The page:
In a recent viral incident, an anonymous Reddit user who claims to be a waitress has shared a photo of a receipt online, sparking a heated debate about tipping culture and restaurant etiquette. The receipt, dated Sunday, Aug. 20, and timestamped at 7:37 p.m., displays a subtotal of $65.80, with a striking “strikethrough” in the space reserved for the tip amount. To add insult to injury, a handwritten note on the right side of the receipt reads, "No tip because it was very rude to ask my wife and I if we wanted separate checks." The Reddit user, who uploaded the image to the “Mildly Infuriating” subreddit, expressed disbelief at the audacity of the customer, stating, "He had the audacity to write this with my pen."
According to the Reddit user, the restaurant where she works has a policy that requires servers to inquire about how customers plan to settle their bill before printing out a ticket. The user also noted that she never suspected the couple to be married due to a significant age difference, with the man appearing to be in his late 50s to early 60s and the woman much younger. When Fox News Digital reached out to the Reddit user for further comment, she did not respond.
The incident has sparked a discussion among Redditors and industry experts about whether it is standard practice for servers to ask couples if they would like to split the bill. Chris Schneider, a service industry expert and host of "The Bar Business Podcast," explains that it can be challenging for servers to determine the nature of the relationship between diners. He states that most restaurants and bars ask if guests want a single check or split checks, as it takes time to split checks in point-of-sale systems. Schneider stresses that taking offense to a standard question is not a valid reason to withhold a tip, especially considering that service employees often rely on tips as part of their income.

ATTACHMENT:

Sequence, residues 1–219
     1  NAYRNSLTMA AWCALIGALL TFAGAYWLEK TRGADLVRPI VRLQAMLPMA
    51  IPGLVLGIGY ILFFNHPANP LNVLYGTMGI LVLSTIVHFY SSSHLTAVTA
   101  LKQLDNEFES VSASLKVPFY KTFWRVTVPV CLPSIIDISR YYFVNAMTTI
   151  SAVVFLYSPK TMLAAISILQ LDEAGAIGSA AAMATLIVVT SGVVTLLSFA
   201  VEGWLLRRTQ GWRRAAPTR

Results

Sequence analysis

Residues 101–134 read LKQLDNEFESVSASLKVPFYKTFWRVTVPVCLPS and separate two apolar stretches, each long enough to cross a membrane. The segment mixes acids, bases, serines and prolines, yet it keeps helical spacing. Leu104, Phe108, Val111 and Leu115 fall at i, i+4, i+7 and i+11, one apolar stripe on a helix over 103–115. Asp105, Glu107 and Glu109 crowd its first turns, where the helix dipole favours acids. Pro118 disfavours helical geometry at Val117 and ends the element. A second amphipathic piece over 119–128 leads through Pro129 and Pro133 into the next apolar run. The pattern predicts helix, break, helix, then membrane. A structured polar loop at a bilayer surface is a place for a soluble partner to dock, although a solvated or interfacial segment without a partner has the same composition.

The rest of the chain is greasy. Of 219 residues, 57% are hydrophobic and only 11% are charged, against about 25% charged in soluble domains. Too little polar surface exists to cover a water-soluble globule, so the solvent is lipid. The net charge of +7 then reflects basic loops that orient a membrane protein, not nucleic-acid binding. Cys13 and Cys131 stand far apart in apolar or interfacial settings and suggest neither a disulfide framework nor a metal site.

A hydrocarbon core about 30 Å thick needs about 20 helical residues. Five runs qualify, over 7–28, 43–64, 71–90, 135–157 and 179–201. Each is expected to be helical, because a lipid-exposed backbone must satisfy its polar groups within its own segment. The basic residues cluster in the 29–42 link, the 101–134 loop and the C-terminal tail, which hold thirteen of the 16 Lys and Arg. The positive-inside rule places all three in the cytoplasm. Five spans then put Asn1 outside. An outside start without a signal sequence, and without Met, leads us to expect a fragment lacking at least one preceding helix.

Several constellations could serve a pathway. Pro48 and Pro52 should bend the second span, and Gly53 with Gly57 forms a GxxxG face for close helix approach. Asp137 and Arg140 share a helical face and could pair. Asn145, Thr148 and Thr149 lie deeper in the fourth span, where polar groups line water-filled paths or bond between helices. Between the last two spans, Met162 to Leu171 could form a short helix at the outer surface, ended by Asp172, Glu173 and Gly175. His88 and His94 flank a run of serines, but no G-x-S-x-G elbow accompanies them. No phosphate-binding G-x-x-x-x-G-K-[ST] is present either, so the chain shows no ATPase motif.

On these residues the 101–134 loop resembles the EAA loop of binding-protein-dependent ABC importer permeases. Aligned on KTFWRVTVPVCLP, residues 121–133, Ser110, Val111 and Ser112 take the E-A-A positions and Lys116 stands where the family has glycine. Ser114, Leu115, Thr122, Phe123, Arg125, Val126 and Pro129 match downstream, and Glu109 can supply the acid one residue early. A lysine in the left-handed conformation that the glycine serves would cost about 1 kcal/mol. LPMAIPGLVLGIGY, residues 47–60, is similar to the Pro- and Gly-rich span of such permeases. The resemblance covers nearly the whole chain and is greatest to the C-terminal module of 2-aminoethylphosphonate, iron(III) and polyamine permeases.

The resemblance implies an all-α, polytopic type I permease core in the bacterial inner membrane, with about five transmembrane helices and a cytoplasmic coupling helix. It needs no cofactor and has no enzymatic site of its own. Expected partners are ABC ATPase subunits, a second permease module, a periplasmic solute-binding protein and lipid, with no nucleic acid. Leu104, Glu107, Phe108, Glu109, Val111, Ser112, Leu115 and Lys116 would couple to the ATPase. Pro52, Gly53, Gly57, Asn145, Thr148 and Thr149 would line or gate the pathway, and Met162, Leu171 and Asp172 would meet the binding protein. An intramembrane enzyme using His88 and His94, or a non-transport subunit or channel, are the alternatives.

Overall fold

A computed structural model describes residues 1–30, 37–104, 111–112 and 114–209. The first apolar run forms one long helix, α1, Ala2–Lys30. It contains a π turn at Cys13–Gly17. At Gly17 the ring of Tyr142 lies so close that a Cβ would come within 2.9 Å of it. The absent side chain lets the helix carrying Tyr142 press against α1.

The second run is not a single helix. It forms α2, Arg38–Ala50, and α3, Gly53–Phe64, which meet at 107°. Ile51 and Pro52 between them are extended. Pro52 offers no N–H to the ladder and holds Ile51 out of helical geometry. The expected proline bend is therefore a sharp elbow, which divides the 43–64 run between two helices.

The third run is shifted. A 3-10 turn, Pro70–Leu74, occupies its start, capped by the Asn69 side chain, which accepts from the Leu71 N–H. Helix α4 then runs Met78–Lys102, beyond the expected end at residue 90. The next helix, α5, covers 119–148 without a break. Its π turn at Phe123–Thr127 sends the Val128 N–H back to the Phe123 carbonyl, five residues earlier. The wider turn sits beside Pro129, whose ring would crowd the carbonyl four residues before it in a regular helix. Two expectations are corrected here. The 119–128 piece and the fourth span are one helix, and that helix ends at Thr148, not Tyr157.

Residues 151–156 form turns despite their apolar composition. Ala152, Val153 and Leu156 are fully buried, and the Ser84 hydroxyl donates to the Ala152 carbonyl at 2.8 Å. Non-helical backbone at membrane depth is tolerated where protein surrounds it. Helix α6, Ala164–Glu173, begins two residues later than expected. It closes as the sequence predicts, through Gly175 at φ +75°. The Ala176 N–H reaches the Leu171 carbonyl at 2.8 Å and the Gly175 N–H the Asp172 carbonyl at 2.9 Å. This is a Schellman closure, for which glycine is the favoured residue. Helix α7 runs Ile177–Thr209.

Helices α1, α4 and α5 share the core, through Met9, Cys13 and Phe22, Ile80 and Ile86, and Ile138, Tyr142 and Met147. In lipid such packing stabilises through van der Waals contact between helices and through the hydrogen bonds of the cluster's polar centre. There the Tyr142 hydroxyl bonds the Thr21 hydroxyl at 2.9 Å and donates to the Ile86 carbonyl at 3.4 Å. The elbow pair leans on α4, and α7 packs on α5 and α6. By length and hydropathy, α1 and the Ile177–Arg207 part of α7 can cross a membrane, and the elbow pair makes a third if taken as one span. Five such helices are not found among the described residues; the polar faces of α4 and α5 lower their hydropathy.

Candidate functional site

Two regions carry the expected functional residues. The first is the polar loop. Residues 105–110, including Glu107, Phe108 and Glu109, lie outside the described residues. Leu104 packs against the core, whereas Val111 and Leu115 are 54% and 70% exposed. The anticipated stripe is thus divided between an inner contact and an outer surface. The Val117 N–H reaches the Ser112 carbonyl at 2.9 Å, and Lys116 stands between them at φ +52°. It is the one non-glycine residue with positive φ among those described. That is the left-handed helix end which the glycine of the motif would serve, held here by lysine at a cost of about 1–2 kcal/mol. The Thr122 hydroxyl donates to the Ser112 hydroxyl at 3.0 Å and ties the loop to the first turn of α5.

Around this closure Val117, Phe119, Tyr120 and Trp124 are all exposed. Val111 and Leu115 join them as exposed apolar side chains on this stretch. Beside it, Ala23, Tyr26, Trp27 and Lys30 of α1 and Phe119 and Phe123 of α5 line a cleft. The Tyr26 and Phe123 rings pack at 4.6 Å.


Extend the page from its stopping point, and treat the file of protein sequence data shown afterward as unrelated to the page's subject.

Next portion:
Matthew Schubert, a certified counselor and CEO of Gem State Wellness, believes that customers should not be overly offended if asked about splitting the bill. While acknowledging that the customer has the right to feel offended, he argues that leaving a note about skipping the tip is an exaggerated response. Schubert emphasizes that it is the customer's responsibility to tip appropriately, and completely withholding a tip should be reserved for cases of poor service.
Etiquette experts weigh in on the matter, offering insights on how customers should handle situations like these. Nicole Rose, an etiquette consultant, suggests considering the overall experience and leaving a smaller tip as a way to provide feedback without completely withholding payment. She advises customers to address their concerns with a manager or supervisor rather than skipping the tip entirely, as this could lead to misunderstandings or escalations. Lisa Mirza Grotts, another etiquette consultant, points out that it is not the server's job to assume whether a bill should be split or not. She encourages restaurant customers to consider the value of the service they receive and tip accordingly. Grotts emphasizes that servers are often paid a low base wage, making tips essential for their income. She suggests that even in cases of extremely poor service, customers should still tip and bring their concerns to the attention of management.
Overall, this incident has sparked a larger conversation about tipping culture and proper etiquette in restaurants. While opinions differ on whether it is appropriate for servers to ask about splitting the bill, experts agree that leaving no tip is not a justified response to a standard question. This incident serves as a reminder for customers to consider the value of the service they receive and tip accordingly, while also addressing any concerns with management in a respectful manner.